Depression Disorder Assessment and Therapy Techniques
What is a depression disorder?
Everyone experiences periods of time when we feel less-than-great. Part of life is experiencing negative emotions, sadness, loneliness or grief. Unlike short periods of depression, major depression (or clinical depression) occurs when negative feelings and symptoms occur daily and for long periods of time, or they start to interfere with your everyday life, relationships or work.
This kind of depression is a type of mood disorder—mood disorders are a class of mental illness in the Diagnostic and Statistical Manual of Mental Disorders (DSM–5), which is a tool used by psychologists, psychiatrists and some social workers to identify and diagnose mental health conditions.
The good news is that depression is very effectively treated with therapy and/or medication.
Depression can impact how we think and feel, our personal life, and our ability to complete and enjoy day-to-day activities. A 2012 report by Statistics Canada found that 11.3% of Canadians 15 and older identified symptoms of depression. Mental Health Research Canada (MHRC) surveyed the mental health of Canadians in December 2020 and found that 22% of respondents reported they were diagnosed with depression.
Symptoms to look out for occurring daily or near-daily and for two weeks or more include:
- Sadness, emptiness or hopelessness
- Weight loss or gain, unintentionally
- Irritability and angry outbursts
- Lack of energy, slowed thinking or body movements
- Trouble concentrating, making decisions or memory lapses
- Unexplained pain, like back pain or headaches
- Sleep disruption, either insomnia or oversleeping
- Loss of interest in regular activities, including sex
- Feelings of worthlessness or guilt, ruminating on past failures
- Reccuring thoughts of death or suicide
Risk factors and causes of depression can include thyroid or hormonal imbalances, brain chemical imbalances, a family history of depression, stressful life events, medications and chronic illness, or substance abuse.
If you or someone you know may be in danger of self harm or suicide, please get help. Call 911 for emergencies or contact the Canada Suicide Prevention Service hotline at 1-833-456-4566 (24/7) or text 45645 (4pm to 12am ET).
When you speak to your doctor or a mental health professional, they’ll likely ask you if you’re experiencing these common symptoms of depression. This is called a screening assessment. If you answer yes to a certain number of those, they’ll likely ask you a few more questions to assess the severity of your symptoms and how long you’ve been experiencing them.
You may also have a physical exam or have some bloodwork done to assess if your depression is a symptom of another medical condition.
There are some online tools available for self-assessment, including this one from HeretoHelp BC or this one from MyHealth Alberta. Keep in mind that these are just a guide, and a trained professional will have an educated view into this illness and will be prepared to better direct you to treatment.
Pending the outcome of your assessment and diagnosis, you may be prescribed certain medications or antidepressants, or be directed to start therapy.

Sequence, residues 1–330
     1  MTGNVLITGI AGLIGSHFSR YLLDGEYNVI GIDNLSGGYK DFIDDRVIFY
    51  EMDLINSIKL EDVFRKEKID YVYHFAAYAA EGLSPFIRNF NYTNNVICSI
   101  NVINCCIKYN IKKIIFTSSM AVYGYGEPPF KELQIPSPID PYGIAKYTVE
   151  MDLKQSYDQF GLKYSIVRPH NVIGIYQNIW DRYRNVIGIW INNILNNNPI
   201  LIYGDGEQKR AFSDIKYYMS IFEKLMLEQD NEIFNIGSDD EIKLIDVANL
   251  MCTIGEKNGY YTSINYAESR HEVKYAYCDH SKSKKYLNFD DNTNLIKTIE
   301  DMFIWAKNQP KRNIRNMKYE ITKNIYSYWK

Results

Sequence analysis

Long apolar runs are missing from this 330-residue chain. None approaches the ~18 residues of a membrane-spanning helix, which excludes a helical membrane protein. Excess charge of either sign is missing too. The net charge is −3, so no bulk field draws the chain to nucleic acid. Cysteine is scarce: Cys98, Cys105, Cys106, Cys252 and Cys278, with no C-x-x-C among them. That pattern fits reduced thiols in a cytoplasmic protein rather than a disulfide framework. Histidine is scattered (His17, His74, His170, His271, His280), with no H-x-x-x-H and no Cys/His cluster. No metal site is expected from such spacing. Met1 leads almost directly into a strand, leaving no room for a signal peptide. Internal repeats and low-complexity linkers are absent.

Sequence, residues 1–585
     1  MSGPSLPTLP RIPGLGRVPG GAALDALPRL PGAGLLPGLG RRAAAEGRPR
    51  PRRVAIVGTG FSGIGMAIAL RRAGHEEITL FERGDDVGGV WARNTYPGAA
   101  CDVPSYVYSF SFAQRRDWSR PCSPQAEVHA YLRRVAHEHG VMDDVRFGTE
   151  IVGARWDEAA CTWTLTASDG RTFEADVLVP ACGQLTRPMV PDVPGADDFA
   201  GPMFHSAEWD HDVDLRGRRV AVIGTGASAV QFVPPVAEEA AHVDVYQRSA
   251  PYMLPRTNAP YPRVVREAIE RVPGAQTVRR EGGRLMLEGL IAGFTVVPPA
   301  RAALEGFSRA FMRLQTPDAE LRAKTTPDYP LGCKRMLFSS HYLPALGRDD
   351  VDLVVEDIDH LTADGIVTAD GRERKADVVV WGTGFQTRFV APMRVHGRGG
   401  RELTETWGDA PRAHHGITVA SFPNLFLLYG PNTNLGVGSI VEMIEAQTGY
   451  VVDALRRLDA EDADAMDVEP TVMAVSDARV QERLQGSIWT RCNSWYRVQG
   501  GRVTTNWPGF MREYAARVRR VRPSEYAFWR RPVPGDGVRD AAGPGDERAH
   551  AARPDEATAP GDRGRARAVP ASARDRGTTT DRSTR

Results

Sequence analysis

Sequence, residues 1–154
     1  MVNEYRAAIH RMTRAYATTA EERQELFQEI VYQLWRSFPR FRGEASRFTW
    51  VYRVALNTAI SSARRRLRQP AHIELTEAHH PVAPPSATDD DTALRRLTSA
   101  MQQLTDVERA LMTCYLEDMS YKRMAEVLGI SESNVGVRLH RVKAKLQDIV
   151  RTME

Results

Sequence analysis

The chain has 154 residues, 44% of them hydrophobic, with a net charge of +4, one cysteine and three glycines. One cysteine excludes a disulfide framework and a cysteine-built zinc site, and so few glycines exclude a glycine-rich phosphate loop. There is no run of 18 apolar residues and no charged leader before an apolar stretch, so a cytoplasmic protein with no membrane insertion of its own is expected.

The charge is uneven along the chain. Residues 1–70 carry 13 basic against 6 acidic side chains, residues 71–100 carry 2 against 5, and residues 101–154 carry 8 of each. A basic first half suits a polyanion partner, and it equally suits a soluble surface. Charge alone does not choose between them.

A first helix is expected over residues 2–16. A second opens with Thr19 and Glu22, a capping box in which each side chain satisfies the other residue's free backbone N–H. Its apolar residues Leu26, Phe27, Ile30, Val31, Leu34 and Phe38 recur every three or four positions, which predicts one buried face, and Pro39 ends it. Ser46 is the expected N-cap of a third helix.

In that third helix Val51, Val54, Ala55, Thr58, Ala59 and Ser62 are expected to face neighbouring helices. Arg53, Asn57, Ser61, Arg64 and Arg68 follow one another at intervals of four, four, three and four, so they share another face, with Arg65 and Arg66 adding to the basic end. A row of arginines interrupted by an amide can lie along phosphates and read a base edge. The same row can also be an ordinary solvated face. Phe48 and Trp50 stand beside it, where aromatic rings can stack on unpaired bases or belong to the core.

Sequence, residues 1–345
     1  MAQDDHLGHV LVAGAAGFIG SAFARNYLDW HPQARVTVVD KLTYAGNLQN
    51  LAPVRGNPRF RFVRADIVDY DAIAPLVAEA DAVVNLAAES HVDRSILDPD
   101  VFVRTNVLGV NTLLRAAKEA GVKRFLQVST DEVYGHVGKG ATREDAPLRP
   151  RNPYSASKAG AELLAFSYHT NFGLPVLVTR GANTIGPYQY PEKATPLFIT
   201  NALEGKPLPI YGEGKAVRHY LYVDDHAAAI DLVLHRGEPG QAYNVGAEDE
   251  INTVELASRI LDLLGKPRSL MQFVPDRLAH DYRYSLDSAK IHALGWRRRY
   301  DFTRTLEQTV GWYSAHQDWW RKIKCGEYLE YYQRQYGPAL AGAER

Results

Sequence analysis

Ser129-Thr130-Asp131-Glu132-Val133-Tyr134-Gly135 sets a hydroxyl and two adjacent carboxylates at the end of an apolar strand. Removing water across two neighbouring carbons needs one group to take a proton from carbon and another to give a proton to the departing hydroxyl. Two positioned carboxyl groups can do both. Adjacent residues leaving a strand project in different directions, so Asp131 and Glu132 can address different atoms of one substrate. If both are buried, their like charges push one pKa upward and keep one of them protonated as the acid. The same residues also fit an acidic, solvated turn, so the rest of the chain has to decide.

There are many different types of therapy, but psychotherapy (talk therapy) is often used for depression. Psychotherapy techniques help us readjust our perspective of the world and ourselves in it to give us more control over our thoughts, emotions and actions. It’s also about building new skills to tolerate adversity, develop strong social and interpersonal skills and ease tendencies for anger or other intense emotional responses.
One of the most common forms of psychotherapy for depression, and many other mental health conditions, is cognitive behaviour therapy (CBT). CBT focuses on the cycles and connection of our thoughts, feelings and behaviours. For a variety of reasons, people can fall into cycles of distorted or negative thinking that might be influenced by trauma, abuse, bullying or prolonged stress. Through CBT, you learn how our thoughts influence our emotions and our behaviour, and how to reframe those thoughts for more positive mental health outcomes.
Another form of psychotherapy often used for acute forms of depression is interpersonal therapy (IPT). This focuses more on our responses to our relationships with other people. This can include changes that bring new people into our life, like the birth of a child, or losing a loved one. IPT can help address immediate frustrations with those around us that may be contributing to our symptoms of depression, and help us better communicate with our friends, families, coworkers or partners.
Other types of therapies and modalities commonly used for depression include:
- Psychodynamic therapy
- Emotionally focused therapy (EFT)
- Mindfulness and Mindfulness-based cognitive therapy (MBCT)
- Solutions-focused therapy
- Medication (through your physician and/or a psychiatrist)
- Family therapy
- Couples therapy
Therapy may also help guide you through making certain lifestyle changes that can help alleviate symptoms of depression, such as light exercise, reducing work hours, nutrition changes, etc.
Find therapists that specialize in therapy for depression on First Session.
Nicole Laoutaris is a freelance writer and adult learning professional based in the Greater Toronto Area. She specializes in educational content for brands and companies in industries such as mental health, pet health, lifestyle and wellness, cannabis, and personal finance. Nicole holds a double undergraduate degree in Communications and Film studies from Wilfrid Laurier University, and post-graduate certificate in Corporate Communications from Seneca College. She currently lives in Hamilton Ontario with her spouse and her cat.